VSCC race calendar is unveiled
The Vintage Sports-Car Club has confirmed its calendar for 2004, its 70th anniversary season. From a…
Protests over the results of races or rallies are nasty things! Necessary perhaps but nasty nevertheless. They can cause ill-feeling and friction, delay the publication of results, and cast doubts as to the validity of the outcome. There have been some classic protests, like the one relating to yellow headlamps on the Monte Carlo Minis, the refusal of the Le Mans scrutineers to accept Colin Chapman’s 750cc Lotus as an Index of Performance entry, and many others along the years.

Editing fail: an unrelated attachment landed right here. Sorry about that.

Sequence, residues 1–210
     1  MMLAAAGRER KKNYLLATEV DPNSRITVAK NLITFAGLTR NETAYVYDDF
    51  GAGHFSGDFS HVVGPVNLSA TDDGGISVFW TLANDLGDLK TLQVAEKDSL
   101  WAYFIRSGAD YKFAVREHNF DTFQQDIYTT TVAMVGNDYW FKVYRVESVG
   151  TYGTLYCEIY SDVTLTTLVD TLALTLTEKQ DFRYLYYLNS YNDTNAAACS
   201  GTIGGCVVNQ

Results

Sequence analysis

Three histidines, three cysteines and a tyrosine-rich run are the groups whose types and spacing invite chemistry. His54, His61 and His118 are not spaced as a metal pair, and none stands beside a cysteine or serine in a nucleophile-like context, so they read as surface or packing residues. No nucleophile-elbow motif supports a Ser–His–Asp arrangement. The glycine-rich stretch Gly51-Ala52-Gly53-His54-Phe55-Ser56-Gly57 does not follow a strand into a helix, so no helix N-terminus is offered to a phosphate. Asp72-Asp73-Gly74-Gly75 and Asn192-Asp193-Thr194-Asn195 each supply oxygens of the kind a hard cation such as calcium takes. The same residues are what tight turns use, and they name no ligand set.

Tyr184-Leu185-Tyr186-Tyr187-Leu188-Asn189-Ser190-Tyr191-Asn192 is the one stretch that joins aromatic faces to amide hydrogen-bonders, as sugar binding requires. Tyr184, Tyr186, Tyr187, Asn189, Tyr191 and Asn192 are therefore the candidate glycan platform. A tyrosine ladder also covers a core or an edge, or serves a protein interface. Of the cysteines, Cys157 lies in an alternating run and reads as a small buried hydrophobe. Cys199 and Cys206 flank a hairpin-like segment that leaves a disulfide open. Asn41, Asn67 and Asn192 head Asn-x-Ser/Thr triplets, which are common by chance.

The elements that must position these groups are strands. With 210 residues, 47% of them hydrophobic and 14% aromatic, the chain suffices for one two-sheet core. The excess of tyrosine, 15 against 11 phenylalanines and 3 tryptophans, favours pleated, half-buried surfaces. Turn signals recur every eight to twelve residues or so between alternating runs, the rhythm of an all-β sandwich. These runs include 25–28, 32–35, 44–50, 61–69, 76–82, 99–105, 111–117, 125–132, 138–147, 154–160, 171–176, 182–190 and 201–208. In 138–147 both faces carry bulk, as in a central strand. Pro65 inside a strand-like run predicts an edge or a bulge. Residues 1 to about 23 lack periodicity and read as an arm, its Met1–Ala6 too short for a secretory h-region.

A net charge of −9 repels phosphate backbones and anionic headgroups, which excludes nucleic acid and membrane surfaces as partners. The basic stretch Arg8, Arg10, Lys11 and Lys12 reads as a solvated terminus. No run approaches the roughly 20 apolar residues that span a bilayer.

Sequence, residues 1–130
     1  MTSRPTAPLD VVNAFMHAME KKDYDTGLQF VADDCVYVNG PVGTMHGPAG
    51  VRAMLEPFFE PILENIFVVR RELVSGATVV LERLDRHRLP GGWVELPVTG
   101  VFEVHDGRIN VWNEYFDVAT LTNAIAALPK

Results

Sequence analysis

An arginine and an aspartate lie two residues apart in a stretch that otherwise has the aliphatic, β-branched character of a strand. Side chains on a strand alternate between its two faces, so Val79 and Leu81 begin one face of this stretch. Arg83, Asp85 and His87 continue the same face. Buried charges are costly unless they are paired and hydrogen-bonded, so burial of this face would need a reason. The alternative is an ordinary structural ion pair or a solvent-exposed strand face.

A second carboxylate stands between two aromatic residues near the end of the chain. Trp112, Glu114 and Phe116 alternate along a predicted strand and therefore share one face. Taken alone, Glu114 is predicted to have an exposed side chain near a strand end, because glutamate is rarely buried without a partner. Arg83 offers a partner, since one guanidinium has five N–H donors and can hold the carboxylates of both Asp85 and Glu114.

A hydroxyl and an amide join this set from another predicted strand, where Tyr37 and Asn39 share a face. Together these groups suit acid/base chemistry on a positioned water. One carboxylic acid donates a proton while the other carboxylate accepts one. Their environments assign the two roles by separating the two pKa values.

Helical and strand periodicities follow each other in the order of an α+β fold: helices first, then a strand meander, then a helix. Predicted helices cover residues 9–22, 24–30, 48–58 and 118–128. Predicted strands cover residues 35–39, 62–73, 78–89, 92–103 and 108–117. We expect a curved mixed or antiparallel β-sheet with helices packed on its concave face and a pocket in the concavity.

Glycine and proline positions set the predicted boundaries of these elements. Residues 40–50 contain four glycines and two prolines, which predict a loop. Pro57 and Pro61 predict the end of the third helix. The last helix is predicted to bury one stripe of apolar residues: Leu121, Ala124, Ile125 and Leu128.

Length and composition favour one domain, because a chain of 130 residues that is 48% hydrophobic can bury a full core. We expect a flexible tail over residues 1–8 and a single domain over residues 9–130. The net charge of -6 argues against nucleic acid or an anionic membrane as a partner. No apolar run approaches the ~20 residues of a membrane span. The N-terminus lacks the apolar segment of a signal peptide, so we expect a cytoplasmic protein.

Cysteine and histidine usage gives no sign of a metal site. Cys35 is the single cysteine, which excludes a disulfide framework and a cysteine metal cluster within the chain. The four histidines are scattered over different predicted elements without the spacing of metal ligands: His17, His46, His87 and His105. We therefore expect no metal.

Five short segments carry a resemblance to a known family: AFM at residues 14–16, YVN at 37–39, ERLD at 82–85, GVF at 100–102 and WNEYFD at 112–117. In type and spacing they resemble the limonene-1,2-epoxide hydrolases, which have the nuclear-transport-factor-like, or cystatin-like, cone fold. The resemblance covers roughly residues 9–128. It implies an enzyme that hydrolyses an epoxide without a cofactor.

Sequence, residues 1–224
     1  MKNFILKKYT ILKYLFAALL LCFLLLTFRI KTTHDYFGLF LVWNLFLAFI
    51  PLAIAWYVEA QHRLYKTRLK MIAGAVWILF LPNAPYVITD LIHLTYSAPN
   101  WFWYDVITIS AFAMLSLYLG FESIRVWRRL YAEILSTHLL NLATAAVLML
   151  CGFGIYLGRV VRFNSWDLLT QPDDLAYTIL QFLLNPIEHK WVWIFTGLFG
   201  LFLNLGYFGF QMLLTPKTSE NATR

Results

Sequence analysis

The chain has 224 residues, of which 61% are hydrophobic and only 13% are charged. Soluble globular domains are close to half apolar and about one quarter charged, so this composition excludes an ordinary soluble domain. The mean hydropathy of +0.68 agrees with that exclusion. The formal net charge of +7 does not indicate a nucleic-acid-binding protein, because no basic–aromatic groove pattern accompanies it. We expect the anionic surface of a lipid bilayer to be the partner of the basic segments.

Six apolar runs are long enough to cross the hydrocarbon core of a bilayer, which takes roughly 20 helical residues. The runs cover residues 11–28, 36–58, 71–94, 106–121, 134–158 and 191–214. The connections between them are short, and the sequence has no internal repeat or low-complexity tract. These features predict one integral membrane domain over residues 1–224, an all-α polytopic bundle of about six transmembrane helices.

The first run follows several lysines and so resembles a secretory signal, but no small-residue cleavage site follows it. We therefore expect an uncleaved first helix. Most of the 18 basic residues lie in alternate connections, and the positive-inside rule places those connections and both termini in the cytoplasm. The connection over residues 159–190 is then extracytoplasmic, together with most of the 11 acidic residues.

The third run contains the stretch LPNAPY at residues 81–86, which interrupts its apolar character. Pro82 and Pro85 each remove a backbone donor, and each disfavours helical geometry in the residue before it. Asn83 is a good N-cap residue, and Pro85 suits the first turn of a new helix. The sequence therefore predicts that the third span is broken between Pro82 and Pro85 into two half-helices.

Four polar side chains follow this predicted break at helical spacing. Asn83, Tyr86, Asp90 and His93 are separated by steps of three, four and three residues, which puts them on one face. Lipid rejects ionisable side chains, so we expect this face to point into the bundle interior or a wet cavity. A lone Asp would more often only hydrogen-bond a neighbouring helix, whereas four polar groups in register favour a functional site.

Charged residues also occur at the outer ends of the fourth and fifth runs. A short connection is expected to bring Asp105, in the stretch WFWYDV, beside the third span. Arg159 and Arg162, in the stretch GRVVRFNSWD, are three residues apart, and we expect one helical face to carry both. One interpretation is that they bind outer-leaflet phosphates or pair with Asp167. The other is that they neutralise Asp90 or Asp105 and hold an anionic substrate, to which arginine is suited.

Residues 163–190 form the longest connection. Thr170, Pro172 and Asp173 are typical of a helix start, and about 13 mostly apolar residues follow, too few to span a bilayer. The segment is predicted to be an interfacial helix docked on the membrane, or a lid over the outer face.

One such protest was that about who had won the highly exciting British Empire Trophy Race which the BRDC put on at Brooklands in 1932. The idea was to have a race over 100 miles or 36 laps of the outer circuit, the runners decided in shorter heats. The Final was clearly going to be an enthralling battle, as indeed it turned out to be, with the starters including Sir Henry Birkin with the lap-record-holding blower 4-1/2-litre Bentley single-seater, John Cobb in the old but formidable 10-1/2-litre V12 Delage, experienced George Eyston with the 8-litre single-seater Panhard Levassor, and Jack Dunfee in Woolf Barnato’s 6-1/2-litre Speed Six Track Bentley. A battle of giants was in prospect, and no-one was disappointed, speaking for the spectators that is.